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henv_thet_soil.jpgForest and woodland soils vary widely in their physical, chemical and hydrological properties and the implications of each are significant to archaeological preservation. However, it is possible to make some very generalized comments about the burial environment within each major group of forest soil.

Brown earths

Typically deep, well-drained soils with good aeration and is therefore unlikely to preserve organic material. The soil pH may range from acidic to alkaline this may be the biggest preservation determining factor. These soils may also be well mixed by bioturbation.

Podzols and ironpans

henv_rann_soil.jpgTypically acidic, but with variable hydrological properties. Organic material may be preserved where waterlogging occurs, but archaeological evidence susceptible to acidic dissolution such as bone may be lost.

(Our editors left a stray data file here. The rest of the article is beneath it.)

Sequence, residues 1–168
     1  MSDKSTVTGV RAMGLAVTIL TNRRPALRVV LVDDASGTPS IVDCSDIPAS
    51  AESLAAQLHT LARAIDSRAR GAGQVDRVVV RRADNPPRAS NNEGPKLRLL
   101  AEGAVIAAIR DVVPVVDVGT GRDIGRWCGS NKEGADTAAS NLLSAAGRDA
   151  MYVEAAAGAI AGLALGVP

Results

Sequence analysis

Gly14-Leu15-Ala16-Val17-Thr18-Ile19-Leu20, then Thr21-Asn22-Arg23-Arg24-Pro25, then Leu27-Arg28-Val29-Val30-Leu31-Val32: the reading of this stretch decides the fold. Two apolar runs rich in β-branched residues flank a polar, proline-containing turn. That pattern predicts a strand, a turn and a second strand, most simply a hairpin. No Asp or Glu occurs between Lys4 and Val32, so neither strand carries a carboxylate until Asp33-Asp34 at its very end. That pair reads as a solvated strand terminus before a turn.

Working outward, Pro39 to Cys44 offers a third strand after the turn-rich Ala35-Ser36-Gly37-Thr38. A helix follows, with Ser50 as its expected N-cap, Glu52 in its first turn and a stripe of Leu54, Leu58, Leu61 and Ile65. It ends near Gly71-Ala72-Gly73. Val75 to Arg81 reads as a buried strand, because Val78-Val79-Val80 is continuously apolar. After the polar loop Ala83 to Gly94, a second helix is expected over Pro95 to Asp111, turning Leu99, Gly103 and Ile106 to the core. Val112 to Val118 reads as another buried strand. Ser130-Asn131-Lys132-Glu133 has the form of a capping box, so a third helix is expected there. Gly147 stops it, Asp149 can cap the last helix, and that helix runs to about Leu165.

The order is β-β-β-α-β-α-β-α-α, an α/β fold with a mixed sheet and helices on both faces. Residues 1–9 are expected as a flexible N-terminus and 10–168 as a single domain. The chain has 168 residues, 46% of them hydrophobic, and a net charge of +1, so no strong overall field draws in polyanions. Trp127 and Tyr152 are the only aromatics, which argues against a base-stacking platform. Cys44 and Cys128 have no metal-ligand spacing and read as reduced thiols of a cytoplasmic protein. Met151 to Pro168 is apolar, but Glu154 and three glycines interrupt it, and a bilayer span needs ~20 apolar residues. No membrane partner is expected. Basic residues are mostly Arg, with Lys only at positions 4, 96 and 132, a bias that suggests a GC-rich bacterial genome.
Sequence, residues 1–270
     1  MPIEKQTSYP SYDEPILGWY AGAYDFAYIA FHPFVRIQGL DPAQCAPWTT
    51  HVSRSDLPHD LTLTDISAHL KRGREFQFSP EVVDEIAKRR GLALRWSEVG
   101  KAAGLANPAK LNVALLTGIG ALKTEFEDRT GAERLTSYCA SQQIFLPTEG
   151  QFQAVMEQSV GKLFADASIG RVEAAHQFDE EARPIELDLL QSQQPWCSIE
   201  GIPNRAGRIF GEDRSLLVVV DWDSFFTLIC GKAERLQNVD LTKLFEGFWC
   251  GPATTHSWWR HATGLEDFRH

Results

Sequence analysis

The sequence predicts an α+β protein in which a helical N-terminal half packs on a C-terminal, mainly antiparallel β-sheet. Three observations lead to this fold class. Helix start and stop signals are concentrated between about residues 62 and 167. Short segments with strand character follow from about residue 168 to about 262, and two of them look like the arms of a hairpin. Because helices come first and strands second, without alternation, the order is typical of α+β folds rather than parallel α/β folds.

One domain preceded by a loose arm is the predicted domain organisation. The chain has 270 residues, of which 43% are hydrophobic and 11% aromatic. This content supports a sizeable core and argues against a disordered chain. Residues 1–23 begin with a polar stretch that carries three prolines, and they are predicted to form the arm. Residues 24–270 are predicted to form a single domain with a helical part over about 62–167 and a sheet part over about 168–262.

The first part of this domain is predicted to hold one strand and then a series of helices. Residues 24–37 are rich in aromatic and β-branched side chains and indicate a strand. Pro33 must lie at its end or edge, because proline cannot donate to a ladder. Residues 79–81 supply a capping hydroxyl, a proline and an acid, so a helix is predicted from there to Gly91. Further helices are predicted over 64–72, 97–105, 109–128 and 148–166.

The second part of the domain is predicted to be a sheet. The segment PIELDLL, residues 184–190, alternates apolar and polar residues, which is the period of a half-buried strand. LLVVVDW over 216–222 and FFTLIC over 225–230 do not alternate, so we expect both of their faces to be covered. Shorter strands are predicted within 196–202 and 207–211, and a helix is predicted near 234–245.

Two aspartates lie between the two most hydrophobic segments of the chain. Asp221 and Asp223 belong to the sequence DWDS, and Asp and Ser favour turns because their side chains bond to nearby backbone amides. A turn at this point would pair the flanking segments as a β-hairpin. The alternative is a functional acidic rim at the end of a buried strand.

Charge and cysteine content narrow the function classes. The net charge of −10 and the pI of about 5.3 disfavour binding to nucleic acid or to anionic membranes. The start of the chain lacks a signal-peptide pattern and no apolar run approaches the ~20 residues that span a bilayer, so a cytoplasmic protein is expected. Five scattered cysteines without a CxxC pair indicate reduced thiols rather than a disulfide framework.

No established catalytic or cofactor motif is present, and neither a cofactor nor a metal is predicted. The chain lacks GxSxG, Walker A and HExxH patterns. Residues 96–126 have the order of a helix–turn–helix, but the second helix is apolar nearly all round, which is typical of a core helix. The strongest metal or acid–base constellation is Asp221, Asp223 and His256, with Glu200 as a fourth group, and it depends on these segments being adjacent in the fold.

Gley soils

Characterised by their seasonal or permanent waterlogging and in the latter case, are more likely to preserve organic archaeological and palaeoenvironmental remains. The pH may be variable and will determine what types of archaeological materials are likely to persist.

Rankers and Rendzinas

These are both shallow soils, where any buried archaeological evidence is likely to have been subjected to bioturbation. Rendzinas occur over chalk and tend to be neutral to alkaline in pH. These may favor the preservation of remains such as bone and molluscs. Rankers are more variable in pH. Both soil types tend to be well-drained.

Peaty soils

These are often of an acidic pH with a high organic content. Where they remain waterlogged, they are well known for their ability to preserve many types of organic material including pollen grains, wood, leather and skin. Deep peat soils can also accumulate over a relatively short time period and many archaeological features have been rediscovered, buried below a blanket of peat. Any drainage will result in a loss of any waterlogged environment and possible peat shrinkage.

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